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EILEEN IVERS "Wild Blue" Green Linnet GLCD 1166

In the more commercial worlds of main stream music styles, the follow-up album has often been the rack upon which artists are broken. A measure of the quickening pace toward the commercialisation of folk music is the added pressure on artists in this sphere, to "keep that wheel a-turning". Eileen Ivers' previous release on Green Linnet, "Eileen Ivers Traditional Irish Music", was an impressive recording. A traditional based album with a hint, a slight nod, toward the classical, the violin as well as the fiddle. Combined with a recording quality, so clear and clean with a touch of warmth that brought out the timbre of the instrument and revealed insight and understanding in the playing, marked this recording as something special.

"Wild Blue", is Eileen Ivers follow-up album. It's fair to say that Eileen Ivers has used up a lot of rosin in the time between these two albums. Having followed a busy schedule which notably included, Micheal O'Suilleahain's engrossing TV series on Irish music, "The River of Sound" and being part of the London stage production of "Riverdance". So it should come as no surprise to find that a certain amount of letting down of hair and standing on the loud pedal is to be found on "Wild Blue". Not that it's too wild, or out of control. Nor, for that matter does it stray far from the traditional path. Although a quick dip into the deep end of this album could have some faint hearts running for cover, for this is no girlie recording of dainty fiddle tunes.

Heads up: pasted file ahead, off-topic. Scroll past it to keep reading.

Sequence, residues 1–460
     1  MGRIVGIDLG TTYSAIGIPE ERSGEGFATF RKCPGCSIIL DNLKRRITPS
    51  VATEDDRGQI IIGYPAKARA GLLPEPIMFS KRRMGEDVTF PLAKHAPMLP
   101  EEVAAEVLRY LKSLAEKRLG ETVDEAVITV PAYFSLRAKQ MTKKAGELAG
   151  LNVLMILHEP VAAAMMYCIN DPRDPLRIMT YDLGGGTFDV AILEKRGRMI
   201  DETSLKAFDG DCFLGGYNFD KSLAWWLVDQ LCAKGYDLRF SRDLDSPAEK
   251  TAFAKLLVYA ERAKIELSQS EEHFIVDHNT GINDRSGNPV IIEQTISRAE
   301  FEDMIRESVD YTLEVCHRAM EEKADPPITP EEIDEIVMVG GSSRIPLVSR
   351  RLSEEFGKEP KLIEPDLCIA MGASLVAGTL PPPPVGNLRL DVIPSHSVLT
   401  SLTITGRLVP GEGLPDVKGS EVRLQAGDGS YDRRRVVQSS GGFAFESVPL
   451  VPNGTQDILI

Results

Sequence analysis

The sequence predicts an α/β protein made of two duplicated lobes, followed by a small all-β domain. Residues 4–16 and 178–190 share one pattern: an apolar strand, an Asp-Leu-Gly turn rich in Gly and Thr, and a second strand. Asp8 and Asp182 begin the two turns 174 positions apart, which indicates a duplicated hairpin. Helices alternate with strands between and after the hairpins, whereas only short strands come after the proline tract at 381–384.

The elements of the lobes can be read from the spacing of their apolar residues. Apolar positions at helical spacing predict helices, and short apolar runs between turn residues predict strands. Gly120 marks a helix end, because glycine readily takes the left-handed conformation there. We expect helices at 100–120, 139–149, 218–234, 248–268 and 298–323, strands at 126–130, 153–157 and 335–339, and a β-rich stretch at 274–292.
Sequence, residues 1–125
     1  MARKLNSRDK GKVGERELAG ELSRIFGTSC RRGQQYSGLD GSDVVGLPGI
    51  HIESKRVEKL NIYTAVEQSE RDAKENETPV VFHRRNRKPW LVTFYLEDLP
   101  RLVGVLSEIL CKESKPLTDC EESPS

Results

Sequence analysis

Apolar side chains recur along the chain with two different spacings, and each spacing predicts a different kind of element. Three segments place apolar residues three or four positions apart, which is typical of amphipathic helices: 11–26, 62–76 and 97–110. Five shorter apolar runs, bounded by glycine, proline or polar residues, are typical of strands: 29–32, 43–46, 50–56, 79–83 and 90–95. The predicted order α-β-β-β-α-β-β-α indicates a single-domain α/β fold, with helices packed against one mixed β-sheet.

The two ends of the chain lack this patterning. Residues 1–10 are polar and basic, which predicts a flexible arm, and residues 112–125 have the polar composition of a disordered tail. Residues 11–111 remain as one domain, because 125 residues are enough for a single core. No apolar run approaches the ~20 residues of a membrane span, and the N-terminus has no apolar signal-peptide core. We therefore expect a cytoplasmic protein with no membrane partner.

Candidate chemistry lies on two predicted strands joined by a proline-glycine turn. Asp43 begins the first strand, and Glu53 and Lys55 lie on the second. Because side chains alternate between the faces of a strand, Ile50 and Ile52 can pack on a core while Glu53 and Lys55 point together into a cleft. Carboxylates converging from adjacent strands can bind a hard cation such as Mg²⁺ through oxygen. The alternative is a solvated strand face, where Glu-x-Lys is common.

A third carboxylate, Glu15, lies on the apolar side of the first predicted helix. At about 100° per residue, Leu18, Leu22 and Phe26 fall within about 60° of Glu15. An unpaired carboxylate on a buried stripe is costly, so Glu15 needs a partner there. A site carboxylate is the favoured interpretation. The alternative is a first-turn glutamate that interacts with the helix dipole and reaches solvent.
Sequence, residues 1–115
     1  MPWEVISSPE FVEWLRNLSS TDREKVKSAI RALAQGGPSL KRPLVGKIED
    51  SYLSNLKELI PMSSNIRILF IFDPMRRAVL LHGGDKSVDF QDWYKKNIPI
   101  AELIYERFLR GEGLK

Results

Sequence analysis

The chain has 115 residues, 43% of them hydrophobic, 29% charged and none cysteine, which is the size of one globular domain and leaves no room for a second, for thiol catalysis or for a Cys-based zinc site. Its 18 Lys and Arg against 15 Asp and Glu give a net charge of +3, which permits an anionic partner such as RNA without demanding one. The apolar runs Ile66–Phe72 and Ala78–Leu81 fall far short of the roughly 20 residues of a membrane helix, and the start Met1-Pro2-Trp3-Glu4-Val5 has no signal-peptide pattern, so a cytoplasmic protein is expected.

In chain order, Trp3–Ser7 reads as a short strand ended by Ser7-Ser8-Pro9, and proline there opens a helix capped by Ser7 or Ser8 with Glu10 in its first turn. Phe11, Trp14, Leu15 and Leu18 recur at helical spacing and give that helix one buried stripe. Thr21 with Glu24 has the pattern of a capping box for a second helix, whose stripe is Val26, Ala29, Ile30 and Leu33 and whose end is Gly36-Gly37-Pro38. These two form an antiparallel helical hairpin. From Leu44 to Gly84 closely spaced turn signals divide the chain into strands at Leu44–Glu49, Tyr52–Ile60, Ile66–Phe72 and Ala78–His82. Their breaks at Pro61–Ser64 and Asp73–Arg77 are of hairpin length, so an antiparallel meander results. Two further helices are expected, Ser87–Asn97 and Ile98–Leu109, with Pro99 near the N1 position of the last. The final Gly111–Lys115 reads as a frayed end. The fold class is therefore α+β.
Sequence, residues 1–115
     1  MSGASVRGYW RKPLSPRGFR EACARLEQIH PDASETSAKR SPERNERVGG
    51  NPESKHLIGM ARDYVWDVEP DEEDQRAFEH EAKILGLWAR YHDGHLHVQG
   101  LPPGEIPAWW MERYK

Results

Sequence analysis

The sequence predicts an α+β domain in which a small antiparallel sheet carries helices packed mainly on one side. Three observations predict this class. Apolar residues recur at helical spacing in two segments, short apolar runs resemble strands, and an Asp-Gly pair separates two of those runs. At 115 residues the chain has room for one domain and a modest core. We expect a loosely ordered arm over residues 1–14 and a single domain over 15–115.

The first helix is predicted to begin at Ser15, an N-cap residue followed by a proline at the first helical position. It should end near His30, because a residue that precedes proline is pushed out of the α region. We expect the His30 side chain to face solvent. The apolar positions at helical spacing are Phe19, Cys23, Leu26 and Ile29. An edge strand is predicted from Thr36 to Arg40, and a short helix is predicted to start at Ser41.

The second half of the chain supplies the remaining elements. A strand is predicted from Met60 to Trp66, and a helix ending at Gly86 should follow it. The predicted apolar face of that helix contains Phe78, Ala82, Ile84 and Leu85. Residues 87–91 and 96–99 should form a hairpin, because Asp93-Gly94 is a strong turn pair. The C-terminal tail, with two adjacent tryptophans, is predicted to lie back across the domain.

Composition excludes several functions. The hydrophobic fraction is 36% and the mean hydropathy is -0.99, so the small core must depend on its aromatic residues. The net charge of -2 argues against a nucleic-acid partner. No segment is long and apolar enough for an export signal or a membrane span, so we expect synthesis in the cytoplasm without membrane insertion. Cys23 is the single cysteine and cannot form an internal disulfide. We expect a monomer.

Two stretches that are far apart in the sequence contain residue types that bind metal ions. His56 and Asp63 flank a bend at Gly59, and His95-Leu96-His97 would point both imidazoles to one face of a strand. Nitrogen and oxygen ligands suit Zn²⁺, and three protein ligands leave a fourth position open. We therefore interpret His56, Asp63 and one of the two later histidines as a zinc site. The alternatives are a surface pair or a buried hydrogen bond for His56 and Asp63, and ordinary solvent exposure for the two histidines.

"Wild Blue", captures a lively, session quality in the music, which was the intention during recording. Among the accompanying musicians are John Doyle, Kimati Dinizulu, Ben Whittman, Tom "T-Bone" Walk, Seamus Egan, Jerry O'Sullivan and Kasim Sultan. The track listings may seem akilter, with titles like, "Destitution" and "DNA Bourrees", but making up the sets are the known and not so well-known. With, "Star of Munster", "Jimmy Ward's", "Jenny's Chickens", "The Right's of Man", "Pinch of Snuff" and "Piper on Horseback", all being variously, pushed along by fiddles, guitars, uilleann pipes, electric organ, congas, djembe and some foot tapping. Near the end of the album, "Blue Groove" and "Destitution", draw out the traditional toward a more progressive style, with electric fiddle and a flavour of jazz and soul. The album's underlying tone, however, is still based on the ebb and flow of traditional music. "Lament for Staker Wallace", is the final track. A solo performance of a raw, unsentimental, honest piece of music, emotionally charged with anger, pride and grief.

Peter Fairbairn

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This album was reviewed in Issue 16 of The Living Tradition magazine.